14. 14. ©2013 Warner Norcross & Judd LLP. All rights reserved. Page 14Highlights of EPA’S Strategy to Expandthe Initiative• Working with the Department of Energy’s National Renewable Energy Lab toidentify Brownfields, RCRA, Superfund and Abandoned mine lands withrenewable energy potential• Outlining state and Federal Incentives for developing renewable energy facilitiesand utilizing contaminated land• Supporting pilot projects that assess potential wind and solar generation potentialat EPA tracked contaminated lands• Promoting Success stories where renewable energy production facilities havebeen sited on contaminated land and mine sites• Seeking input from stakeholders to determine the need for site redevelopmentand reuse tools• Conducting outreach to highlight how the EPA can support renewable energydevelopment
    15. 15. ©2013 Warner Norcross & Judd LLP. All rights reserved. Page 15Financing and Incentives• Federal Financing and Incentives EPA Assessment and Cleanup Grants EPA Revolving Loan Funds HUD Funding Economic Development Administration Investments USDA Financing Options SBA Loan Guarantees Renewable Energy Bonus Depreciation (26 U.S.C. § 168) New Markets Tax Credits (26 U.S.C. § 45D) Production and Investment Tax Credits
    16. 16. ©2013 Warner Norcross & Judd LLP. All rights reserved. Page 16Financing and Incentives• State Incentives (Michigan) No Cleanup Liability for Purchaser because of BEAProcess Brownfield TIF for Certain Expenses, such as DueCare, Demolition, and (if in Core Community) Infrastructureand Site Preparation Expenses Renaissance Zones, although there are very limitedopportunities DEQ Grants and Loan for Environmental Expenses 100% Abatement of Personal Property Taxes in ―DistressedCommunities‖
    17. 17. ©2013 Warner Norcross & Judd LLP. All rights reserved. Page 17Questions & AnswersThank you!John BylWarner Norcross & Judd LLP900 Fifth Third Center, 111 Lyon Street NWGrand Rapids, MI 49503jbyl@wnj.comThese materials are for educational use only. This is not legal advice and does not create an attorney-client relationship.
    18. 18. Michigan Energy ForumJune 6, 2013Landfill Gas UtilizationPresenter: Margie Ring, DEQ
    19. 19. Landfill Gas Usage in Michigan• Currently 37 of 48 active Municipal SolidWaste Landfills have active gas collectionsystems• Three closed landfills also utilize gas• 24 sites generate a total of 156.7 megawattsof electricity• 9 provide methane directly to off-site users• 3 use gas to power leachate evaporators• 6 collect and flare methane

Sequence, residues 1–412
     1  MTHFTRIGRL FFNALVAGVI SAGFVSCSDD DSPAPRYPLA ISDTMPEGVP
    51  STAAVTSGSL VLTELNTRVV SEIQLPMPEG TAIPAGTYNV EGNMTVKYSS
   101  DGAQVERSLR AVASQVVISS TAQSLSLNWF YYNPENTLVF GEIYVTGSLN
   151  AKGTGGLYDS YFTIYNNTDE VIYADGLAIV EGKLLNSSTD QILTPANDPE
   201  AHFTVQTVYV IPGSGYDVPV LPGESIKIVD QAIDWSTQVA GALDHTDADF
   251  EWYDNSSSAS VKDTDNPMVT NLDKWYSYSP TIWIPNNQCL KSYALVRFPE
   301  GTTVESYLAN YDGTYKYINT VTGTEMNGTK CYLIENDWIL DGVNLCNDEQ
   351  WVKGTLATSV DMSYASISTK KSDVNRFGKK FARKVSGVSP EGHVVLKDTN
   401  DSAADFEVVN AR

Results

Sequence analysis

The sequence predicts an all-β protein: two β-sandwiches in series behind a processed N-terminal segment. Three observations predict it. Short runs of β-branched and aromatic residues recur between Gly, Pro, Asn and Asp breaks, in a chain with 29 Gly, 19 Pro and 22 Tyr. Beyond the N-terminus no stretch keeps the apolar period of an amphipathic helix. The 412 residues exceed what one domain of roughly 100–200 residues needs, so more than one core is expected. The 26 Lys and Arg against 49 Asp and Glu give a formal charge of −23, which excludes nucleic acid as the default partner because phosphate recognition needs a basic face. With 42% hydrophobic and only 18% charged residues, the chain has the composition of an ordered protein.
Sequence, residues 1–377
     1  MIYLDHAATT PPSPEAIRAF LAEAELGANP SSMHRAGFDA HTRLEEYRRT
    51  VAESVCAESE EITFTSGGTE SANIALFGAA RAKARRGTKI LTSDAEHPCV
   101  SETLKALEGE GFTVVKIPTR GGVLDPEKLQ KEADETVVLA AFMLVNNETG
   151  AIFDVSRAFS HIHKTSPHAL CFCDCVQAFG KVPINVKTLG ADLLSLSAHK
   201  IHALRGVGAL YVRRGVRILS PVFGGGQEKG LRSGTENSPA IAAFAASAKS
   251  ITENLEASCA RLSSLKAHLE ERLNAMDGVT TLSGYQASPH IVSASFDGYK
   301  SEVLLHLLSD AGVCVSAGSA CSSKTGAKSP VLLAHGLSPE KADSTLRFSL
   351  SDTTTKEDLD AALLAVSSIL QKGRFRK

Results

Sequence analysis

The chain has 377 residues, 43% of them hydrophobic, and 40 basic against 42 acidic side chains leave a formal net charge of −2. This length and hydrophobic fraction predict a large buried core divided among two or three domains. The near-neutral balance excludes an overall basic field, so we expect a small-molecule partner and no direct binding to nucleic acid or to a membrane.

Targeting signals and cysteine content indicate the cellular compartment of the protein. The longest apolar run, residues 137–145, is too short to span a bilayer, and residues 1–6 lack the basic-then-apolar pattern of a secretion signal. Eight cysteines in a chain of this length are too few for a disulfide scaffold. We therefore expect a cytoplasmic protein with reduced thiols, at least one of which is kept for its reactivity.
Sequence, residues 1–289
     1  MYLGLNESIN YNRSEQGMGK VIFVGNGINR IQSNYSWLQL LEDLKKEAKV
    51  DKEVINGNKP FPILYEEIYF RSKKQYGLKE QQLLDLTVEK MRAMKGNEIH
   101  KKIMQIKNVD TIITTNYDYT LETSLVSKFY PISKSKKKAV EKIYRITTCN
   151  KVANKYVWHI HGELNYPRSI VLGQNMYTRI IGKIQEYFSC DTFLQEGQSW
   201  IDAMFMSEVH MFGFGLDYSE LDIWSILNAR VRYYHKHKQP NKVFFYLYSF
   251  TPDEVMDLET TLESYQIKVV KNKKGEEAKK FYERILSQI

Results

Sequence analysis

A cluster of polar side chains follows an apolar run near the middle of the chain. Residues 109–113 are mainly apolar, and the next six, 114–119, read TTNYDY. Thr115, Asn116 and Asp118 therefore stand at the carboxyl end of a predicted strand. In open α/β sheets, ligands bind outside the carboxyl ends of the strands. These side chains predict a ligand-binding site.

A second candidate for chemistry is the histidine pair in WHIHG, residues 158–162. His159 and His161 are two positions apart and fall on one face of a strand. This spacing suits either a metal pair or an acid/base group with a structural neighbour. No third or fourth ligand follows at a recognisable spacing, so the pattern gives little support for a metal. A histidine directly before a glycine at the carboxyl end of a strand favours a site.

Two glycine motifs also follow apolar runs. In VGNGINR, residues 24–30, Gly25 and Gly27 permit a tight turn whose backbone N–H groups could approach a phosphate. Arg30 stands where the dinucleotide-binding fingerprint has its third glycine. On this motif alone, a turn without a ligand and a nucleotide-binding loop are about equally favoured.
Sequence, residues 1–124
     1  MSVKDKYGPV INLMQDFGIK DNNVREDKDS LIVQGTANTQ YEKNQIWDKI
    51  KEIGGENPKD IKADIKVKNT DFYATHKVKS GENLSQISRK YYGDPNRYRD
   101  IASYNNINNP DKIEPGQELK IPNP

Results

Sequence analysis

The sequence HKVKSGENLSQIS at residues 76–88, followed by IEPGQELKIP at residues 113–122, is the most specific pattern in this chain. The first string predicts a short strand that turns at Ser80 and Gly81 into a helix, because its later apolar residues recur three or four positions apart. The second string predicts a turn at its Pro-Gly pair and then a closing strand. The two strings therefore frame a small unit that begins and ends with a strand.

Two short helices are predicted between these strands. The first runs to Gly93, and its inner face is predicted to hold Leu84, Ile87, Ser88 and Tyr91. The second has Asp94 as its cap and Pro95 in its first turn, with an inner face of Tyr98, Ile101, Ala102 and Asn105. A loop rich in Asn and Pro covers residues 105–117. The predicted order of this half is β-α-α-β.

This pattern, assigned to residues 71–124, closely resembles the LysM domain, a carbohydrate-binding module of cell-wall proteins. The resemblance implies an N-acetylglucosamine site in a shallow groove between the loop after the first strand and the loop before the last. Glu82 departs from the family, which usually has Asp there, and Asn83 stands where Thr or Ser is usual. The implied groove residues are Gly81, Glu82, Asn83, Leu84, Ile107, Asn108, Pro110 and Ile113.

20. 20. Direct Use• Direct uses of landfill gas include piping gasdirectly to off-site users for power generation.Users include auto manufacturing plants,foundries and municipal governments• Three landfills operate High BTU Plants, whichtreat landfill gas and sell directly to gassuppliers
    21. 21. Landfill Gas Plant Owners andOperators in Michigan• Granger Energy• North American Natural Resources• Fortistar Methane Group• DTE Biomass Energy• WM Renewable Energy• EQ Energy Recovery• Landfill Energy Systems
    22. 22. Landfill Gas Plant Owners andOperators (cont.)• Ameresco• Shaw Environmental• Horizon LFG• City of Midland• Muskegon County
    23. 23. Brownfield Projects• DEQ is not aware of any active brownfieldredevelopment projects with a renewableenergy component.• However, three projects have been proposedat closed landfills – two solar arrays and onewind turbine
    24. 24. About Granger• Waste Services– Hauling—Est. 1966– Landfills (two)—Est. 1973 & 1984– Recycle—Est. 1989– Compost—Est. 1992• Energy Services– Electric—Est. 1990– Energy—Est. 1996• 220 Associates– Headquarters and main operationslocated in Lansing, Michigan
    25. 25. Granger collects tomorrow’senergy. We provide waste hauling,disposal and recycling servicesand produce renewable energyfrom landfill gas.
    27. 27. Landfill gas has ½ theBtu value of natural gas.It is a worthyenergy RESOURCE.
    28. 28. About Landfill Gas• Landfill gas is created from thedecomposition of material in landfills• The quantity and quality is influencedby; types and age of waste, theamount and types of organicwaste, and moisture content• Comprised of about 50% methane(CH4) and 50% carbon dioxide (CO2)and small amount of non-methaneorganic compounds (NMOC)